Losing Digits & Gaining Banana-stands: a response to Finkelman

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I recently discovered that Balboa Island contains not one, but two banana-stands (both claim to be the original banana-stand; I assume a source of much bickering and rivalry). This struck me as novel, I had expected one banana-stand, and found two! In his recent post, Leonard Finkelman describes how scientists working on the magnificent T. rex specimen AMNH 5027 originally reconstructed it with three fingers, but later discovered a mistake. Where they expected three fingers, they found two!

Leonard suggests that the connection between ‘novelty’ in evolutionary (and evolutionary-developmental) biology is quite close to the sense of novelty I felt at discovering Balboa Island’s embarrassment of banana-stands. That is, the hey that’s weird sense of novel is closely related to the biological notion(s) of novelty:

I think that philosophers of biology generally do have something like the weirdness attributable to T. rex arms in mind when they talk about all these various kinds of novelty.

I disagree.

I take it that Leonard’s position is as follows. In both the banana-stand and T. rex cases our expectations are foiled. That is, our epistemic states relating to the number of T. rex fingers, and the number of banana-stands on Balboa island, turn out to be false. He’s right that this is a similarity. However, I think there’s an essential difference.

In biology, a ‘novelty’ is at base some new feature which deserves explanation (as Leonard nicely summarizes, there are a wide range of accounts of novelty, I assume tailored to different explanatory projects, but hopefully you’ll allow me this gross oversimplification). Leonard cites work suggesting that T. rex finger-loss and arm-shrinkage was functional: it aided in Triceratops-tipping. If that’s right (I doubt it, but it’s a nice bit of speculation regardless), then we have explained the novelty.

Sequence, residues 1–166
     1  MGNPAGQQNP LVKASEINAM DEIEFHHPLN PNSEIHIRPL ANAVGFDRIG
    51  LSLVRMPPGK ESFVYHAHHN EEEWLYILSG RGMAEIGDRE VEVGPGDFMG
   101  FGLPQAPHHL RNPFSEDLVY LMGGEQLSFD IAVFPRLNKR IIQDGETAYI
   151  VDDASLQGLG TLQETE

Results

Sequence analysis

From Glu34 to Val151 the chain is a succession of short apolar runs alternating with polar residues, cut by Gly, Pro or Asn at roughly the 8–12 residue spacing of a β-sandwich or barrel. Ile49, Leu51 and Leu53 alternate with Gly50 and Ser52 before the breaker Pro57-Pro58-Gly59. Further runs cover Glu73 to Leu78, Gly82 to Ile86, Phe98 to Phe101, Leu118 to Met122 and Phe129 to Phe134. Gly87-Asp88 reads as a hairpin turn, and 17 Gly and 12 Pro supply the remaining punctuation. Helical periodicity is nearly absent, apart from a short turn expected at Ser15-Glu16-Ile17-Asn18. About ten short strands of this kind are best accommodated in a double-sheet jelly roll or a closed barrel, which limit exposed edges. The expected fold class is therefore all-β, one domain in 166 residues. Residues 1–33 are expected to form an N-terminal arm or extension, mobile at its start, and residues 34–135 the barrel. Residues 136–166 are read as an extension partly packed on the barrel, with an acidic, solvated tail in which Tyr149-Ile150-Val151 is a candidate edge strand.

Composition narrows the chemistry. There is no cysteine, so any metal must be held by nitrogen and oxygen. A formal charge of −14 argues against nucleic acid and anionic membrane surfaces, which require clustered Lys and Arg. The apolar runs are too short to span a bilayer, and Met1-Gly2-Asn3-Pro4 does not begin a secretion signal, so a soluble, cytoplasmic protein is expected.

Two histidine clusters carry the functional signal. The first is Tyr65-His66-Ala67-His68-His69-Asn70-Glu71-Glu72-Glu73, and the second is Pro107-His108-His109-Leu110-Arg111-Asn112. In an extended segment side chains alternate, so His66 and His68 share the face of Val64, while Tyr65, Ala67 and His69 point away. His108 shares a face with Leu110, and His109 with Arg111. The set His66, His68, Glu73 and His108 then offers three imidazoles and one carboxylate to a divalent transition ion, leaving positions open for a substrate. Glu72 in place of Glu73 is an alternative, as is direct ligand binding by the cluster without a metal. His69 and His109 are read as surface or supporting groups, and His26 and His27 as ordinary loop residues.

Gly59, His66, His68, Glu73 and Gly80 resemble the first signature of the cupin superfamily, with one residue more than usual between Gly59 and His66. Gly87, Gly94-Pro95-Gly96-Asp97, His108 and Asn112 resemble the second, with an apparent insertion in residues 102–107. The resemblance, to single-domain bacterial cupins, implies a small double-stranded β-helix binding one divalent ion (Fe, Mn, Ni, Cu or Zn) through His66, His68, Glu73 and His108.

Does explaining the itsy-bitsy arms dissolve the trait’s novel status? No. It being a new feature of the therapod lineage stands regardless of whether or not it has been explained. However, we might no longer find the T. rex’s fingers to be novel—to find them weird—after all, we have explained them.

Distinguish between something being novel insofar as we desire to explain it, and something being novel insofar as it is a new feature. In the former case, the novelty is dissolved once we have an explanation, in the latter case it is not. It seems to me that this latter sense of novelty is significantly closer to what biologists (and, hopefully philosophers of biology?) mean.

The explanation of novelty involves explaining the emergence of new features. Part of the conceptual trickiness here (and hence the involvement of philosophers of biology) is due to the difficulty of getting traction on ‘emergence’, ‘new’ and ‘features’. If this was only about our expectations not being met, that is, ‘novelty-as-weirdness’, then I doubt we’d need such a difficult discussion…